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114 TO THE LIGHTHOUSEthere. Mrs Ramsay, who had been uneasy, waitingfor Paul and Minta to come in, and unable, she felt,to settle to things, now felt her uneasiness changedto expectation. For now they must come, and LilyBriscoe, trying to analyse the cause of the suddenexhilaration, compared it with that moment on thetennis lawn, when solidity suddenly vanished, andsuch vast spaces lay between them; and now the sameeffect was got by the many candles in the sparelyfurnished room, and the uncurtained windows, andthe bright mask-like look of faces seen by candle-light. Some weight was taken off them; anythingmight happen, she felt. They must come now, MrsRamsay thought, looking at the door, and at thatinstant, Minta Doyle, Paul Rayley, and a maidcarrying a great dish in her hands came in together.They were awfully late; they were horribly late,Minta said, as they found their way to different endsof the table.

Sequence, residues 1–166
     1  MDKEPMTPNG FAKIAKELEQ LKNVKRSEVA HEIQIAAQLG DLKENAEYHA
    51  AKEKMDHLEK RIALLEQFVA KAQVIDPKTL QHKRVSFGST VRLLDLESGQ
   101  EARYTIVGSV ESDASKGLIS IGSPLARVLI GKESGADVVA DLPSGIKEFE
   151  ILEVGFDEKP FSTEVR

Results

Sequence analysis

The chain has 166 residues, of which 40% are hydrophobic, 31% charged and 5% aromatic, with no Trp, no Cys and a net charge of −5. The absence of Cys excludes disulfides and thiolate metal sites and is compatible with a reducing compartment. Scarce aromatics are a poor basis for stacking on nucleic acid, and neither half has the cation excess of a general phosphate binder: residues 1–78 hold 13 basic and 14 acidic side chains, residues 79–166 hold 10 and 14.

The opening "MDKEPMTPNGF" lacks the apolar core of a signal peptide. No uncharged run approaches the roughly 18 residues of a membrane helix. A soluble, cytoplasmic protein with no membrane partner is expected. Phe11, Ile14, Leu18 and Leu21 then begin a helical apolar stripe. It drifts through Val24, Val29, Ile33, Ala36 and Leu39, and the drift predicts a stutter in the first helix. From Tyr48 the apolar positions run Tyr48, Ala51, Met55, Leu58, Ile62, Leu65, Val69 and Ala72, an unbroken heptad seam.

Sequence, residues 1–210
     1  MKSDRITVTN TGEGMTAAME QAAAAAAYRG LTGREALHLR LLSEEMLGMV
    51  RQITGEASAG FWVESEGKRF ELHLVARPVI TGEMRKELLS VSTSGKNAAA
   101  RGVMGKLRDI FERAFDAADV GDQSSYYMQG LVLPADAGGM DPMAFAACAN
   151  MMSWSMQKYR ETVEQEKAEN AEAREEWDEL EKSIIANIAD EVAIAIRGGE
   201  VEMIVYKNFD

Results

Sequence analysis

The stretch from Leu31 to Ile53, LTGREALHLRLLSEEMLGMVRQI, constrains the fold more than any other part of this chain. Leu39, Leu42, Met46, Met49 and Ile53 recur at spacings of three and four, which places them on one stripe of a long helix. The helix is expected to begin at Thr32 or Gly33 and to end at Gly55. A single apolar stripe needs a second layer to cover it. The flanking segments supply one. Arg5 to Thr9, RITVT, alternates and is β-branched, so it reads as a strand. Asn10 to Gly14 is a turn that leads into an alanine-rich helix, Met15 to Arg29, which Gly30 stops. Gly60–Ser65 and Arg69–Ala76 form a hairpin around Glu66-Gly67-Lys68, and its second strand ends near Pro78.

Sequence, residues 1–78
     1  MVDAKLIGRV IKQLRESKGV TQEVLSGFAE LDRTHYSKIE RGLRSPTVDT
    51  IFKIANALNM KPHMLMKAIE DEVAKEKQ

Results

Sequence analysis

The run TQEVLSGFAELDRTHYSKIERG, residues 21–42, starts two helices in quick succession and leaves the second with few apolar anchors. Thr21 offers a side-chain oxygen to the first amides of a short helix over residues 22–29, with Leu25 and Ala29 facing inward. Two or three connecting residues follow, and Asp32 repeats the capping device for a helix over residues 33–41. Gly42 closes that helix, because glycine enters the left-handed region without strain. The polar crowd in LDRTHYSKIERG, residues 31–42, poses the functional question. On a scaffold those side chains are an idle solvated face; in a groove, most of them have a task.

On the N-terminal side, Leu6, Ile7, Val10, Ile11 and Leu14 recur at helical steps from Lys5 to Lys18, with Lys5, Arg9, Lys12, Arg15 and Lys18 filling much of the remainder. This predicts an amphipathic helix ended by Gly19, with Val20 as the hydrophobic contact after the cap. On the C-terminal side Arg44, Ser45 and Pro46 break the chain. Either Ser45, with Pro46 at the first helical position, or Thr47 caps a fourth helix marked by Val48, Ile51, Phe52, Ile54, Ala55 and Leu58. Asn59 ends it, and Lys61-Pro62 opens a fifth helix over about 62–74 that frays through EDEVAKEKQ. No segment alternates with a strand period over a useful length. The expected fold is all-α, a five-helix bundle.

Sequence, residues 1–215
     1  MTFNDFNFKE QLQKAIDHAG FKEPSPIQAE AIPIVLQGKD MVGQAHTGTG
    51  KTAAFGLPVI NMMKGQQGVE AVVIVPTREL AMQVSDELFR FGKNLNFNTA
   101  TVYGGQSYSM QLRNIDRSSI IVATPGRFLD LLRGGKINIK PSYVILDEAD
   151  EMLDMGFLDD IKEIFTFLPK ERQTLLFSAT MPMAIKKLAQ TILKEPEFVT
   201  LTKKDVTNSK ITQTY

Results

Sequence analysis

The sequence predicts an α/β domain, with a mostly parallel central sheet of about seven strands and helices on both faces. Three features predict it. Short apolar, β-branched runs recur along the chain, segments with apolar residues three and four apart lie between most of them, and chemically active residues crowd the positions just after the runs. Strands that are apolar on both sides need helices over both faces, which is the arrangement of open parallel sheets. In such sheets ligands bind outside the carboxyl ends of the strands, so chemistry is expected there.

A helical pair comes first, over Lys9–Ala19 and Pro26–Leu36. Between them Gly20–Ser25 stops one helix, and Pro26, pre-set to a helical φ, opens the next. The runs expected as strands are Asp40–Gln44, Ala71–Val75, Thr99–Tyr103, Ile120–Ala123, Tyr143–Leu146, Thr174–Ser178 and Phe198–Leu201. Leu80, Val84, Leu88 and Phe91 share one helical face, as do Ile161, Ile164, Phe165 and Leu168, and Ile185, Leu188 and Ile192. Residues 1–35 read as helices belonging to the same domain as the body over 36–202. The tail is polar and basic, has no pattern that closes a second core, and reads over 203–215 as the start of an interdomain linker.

‘I lost my brooch—my grandmother’s brooch,'said Minta with a sound of lamentation in her voice,and a suffusion in her large brown eyes, lookingdown, looking up, as she sat by Mr Ramsay, whichroused his chivalry so that he bantered her.

How could she be such a goose, he asked, as toscramble about the rocks in jewels?

She was by way of being terrified of him—he wasso fearfully clever, and the first night when she hadsat by him, and he talked about George Eliot, shehad been really frightened, for she had left the thirdvolume of Middlemarch in the train and she neverknew what happened in the end; but afterwards shegot on perfectly, and made herself out even more